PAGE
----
Beijing role on UN human rights panel sparks concerns

China’s appointment like making ‘pyromaniac the town fire chief’, says watchdog

Chinese president Xi Jinping: many documented cases of forcibly disappeared citizens and upwards of one million Muslim Uighurs and other minority group members in Xinjiang camps. Photograph: Jason Lee

Chinese president Xi Jinping: many documented cases of forcibly disappeared citizens and upwards of one million Muslim Uighurs and other minority group members in Xinjiang camps. Photograph: Jason Lee

 

China’s appointment to a United Nations human rights panel where it will play a key role in picking the world body’s human rights investigators has sparked concern among activists and academics, with one observer saying it was “like making a pyromaniac into the town fire chief”.

China’s delegate, Jiang Duan, was last week appointed to the United Nations Human Rights Council consultative group for the Asia Pacific region, a body that vets and recommends candidates who investigate, monitor, and publicly report on either specific country situations or on thematic issues such as freedom of speech, religion and access to healthcare.

“Allowing China’s oppressive and inhumane regime to choose the world investigators on freedom of speech, arbitrary detention and enforced disappearances is like making a pyromaniac into the town fire chief,” said Hillel Neuer, executive director of UN Watch, a Geneva-based group that monitors the 47-nation UN rights council.

Sophie Richardson, China director at Human Rights Watch, said that based on the Chinese government’s “well-documented, ongoing efforts to obstruct and undermine UN human rights mechanisms, the appointment of a Chinese diplomat to the [panel] is a concern”.

It will require increased vigilance from other members and the Human Rights Council president, she said, “and we will be watching closely for new efforts to weaken these key human rights tools”.

While the representative formally serves in a personal capacity, Ms Richardson said “we struggle to imagine” that a diplomat serving Xi Jinping’s government would be allowed to make a distinction between the government’s position and his or her own.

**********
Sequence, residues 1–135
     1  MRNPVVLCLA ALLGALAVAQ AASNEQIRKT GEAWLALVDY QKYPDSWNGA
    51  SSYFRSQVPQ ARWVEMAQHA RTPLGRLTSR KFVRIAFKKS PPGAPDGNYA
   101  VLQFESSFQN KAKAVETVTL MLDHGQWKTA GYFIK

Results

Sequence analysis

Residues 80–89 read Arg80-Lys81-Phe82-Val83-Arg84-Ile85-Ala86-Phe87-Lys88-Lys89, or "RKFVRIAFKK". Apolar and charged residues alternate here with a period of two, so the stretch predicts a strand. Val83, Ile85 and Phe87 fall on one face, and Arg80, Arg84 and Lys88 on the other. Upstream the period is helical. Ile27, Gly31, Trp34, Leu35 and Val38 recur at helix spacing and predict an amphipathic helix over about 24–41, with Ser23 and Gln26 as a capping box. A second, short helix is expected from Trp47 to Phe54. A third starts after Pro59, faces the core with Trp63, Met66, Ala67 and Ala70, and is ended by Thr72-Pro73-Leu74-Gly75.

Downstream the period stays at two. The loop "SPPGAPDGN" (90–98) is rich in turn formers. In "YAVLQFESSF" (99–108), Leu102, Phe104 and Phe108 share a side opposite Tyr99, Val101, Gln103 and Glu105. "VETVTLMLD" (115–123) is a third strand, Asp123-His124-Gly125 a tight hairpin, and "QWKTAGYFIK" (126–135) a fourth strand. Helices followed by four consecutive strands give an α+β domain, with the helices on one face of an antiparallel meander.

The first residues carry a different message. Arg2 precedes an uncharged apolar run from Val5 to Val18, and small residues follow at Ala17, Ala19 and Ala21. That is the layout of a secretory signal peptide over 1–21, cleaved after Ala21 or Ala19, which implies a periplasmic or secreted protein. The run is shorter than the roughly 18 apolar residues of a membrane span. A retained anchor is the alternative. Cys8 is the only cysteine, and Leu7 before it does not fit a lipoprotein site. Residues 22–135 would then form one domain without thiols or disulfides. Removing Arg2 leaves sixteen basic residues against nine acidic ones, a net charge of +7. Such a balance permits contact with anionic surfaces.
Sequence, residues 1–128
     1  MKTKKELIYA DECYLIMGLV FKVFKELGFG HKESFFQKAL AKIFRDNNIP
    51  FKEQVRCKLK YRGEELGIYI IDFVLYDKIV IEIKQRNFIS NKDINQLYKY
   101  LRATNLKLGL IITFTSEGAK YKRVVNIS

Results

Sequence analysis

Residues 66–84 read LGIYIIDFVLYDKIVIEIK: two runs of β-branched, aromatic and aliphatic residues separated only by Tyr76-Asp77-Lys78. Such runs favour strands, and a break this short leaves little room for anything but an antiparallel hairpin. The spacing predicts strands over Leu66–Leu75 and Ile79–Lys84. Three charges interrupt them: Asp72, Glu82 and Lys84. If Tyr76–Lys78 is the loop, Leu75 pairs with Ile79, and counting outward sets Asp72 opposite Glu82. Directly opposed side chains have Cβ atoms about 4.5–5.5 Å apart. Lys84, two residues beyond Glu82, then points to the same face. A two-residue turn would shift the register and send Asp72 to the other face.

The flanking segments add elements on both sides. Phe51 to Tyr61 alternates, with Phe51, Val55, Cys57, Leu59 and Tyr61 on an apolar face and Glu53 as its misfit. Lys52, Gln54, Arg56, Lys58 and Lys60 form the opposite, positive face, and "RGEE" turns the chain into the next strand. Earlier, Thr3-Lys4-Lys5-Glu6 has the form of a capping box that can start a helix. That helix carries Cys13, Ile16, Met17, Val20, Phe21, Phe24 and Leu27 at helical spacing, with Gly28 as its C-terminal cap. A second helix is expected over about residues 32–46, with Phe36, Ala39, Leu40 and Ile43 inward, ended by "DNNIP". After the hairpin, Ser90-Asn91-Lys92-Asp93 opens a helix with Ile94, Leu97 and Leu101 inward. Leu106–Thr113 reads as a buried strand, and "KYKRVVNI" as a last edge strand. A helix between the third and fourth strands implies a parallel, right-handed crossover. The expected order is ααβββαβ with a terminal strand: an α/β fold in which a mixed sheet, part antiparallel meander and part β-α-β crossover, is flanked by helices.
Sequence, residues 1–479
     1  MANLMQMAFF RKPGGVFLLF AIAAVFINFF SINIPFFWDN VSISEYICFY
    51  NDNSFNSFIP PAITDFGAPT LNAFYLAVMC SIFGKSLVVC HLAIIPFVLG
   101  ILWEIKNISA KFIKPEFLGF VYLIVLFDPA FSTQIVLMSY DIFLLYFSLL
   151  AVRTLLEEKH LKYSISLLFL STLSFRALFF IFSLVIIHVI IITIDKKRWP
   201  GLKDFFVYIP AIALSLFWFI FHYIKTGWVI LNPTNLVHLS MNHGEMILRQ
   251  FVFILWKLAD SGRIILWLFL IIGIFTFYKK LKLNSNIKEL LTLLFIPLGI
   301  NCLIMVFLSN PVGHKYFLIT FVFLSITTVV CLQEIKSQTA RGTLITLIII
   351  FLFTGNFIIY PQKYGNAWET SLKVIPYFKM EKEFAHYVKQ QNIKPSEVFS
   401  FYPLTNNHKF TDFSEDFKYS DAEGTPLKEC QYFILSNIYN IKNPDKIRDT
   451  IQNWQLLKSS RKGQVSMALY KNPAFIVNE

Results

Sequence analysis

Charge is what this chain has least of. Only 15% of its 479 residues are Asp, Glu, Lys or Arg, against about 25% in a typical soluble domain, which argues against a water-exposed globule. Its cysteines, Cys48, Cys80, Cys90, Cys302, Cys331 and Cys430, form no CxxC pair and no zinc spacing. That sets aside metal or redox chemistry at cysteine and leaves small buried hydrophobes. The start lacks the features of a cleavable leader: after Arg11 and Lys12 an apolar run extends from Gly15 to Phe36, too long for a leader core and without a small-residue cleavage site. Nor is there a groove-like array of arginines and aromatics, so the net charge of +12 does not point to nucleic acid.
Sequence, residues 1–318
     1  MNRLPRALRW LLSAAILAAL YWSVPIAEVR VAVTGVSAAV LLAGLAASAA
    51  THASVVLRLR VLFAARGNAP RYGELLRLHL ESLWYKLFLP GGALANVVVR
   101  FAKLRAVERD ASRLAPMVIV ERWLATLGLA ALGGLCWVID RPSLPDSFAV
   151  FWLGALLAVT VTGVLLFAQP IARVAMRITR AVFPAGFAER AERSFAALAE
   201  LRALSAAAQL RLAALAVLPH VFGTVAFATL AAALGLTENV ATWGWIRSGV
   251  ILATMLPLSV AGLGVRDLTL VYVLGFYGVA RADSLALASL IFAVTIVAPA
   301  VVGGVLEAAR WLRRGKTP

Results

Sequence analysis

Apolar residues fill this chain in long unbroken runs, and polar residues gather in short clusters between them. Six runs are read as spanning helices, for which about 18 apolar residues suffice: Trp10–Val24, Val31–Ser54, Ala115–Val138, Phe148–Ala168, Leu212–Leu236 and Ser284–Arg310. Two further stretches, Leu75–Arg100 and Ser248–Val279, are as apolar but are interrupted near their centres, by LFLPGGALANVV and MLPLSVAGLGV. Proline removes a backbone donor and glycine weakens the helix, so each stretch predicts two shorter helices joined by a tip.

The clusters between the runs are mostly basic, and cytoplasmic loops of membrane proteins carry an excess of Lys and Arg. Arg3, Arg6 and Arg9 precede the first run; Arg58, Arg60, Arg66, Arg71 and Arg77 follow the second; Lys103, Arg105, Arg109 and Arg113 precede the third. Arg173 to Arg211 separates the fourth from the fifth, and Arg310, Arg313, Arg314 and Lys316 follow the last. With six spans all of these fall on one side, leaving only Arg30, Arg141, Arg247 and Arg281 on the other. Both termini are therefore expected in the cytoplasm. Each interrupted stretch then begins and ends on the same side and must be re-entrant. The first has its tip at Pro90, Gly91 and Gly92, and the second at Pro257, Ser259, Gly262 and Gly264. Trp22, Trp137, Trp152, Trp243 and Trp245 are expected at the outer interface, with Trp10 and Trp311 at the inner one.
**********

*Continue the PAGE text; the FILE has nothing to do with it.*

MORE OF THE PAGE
The Chinese government routinely opposes country rapporteurs, she added, “so it’s also tough to imagine how its representative can be relied on to recommend the best people to implement those mandates effectively”.

Selection manipulation

Yu-Jie Chen, a fellow at University of Hong Kong’s law faculty, said with the new appointment China can now “manipulate” the expert selection process by boosting certain candidates and excluding others.

“China has always disliked criticisms of these independent experts, which it gets a lot, and has tried to constrain their practice and investigation,” she said. “People are right to worry that Beijing will be eager to undermine this important human rights mechanism with its new influence.”

Mr Neuer pointed to documented cases of forcibly disappeared citizens in China and upwards of one million Muslim Uighurs and other minority group members in Xinjiang camps, calling it “inconceivable” that China be allowed to influence the selection of the next member of the UN working group on enforced or involuntary disappearances.

“How can China be involved in choosing the UN special rapporteur on the protection of freedom of opinion and expression, when the regime routinely imposes draconian censorship, and seeks to shut down dissenting voices?” asked Mr Neuer.

“And as the world is suffering from the deadly coronavirus pandemic that spread like wildfire in Wuhan while China silenced doctors, journalists and other citizens who tried to sound the alarm, by what logic can the Beijing regime be involved in choosing the UN’s next global monitor on the right to health?”

Process safeguards

“But hope is not lost,” according to Ms Chen, as while council panel members can try to manipulate nominations “they cannot dominate” as there is a process in place in which other governments and NGOs “can push back” if they are dissatisfied with candidates.

Ms Richardson also pointed to “a number of safeguards built into the process” where decisions are usually taken by all five members on a panel; members are expected to recuse themselves from deliberations concerning any nominee of the same nationality; and the president and the council itself can veto recommendations.

In recent years, the independent human rights experts who have been selected “have done an admirable job scrutinising governments”, Ms Chen said.

“But it’s a tough time for them and for civil society. The current politics in the Human Rights Council – in which China and its allies of authoritarian and developing governments outnumber democracies – make it harder to defend the system,” she said.

Critical of this situation, the US left the council in 2018, with then-UN ambassador Nikki Haley calling it “a protector of human rights abusers”.

Following the US withdrawal, it has been more difficult for the EU to build cross-regional alliances, Ms Chen said, but she believes that staying in the council is the only viable option for human rights advocates.

“I don’t think finding other venues is a choice for democracies,” she said. “For global rights protection, the UN human rights system is the only game in town. It would be a mistake to give up and just leave.”

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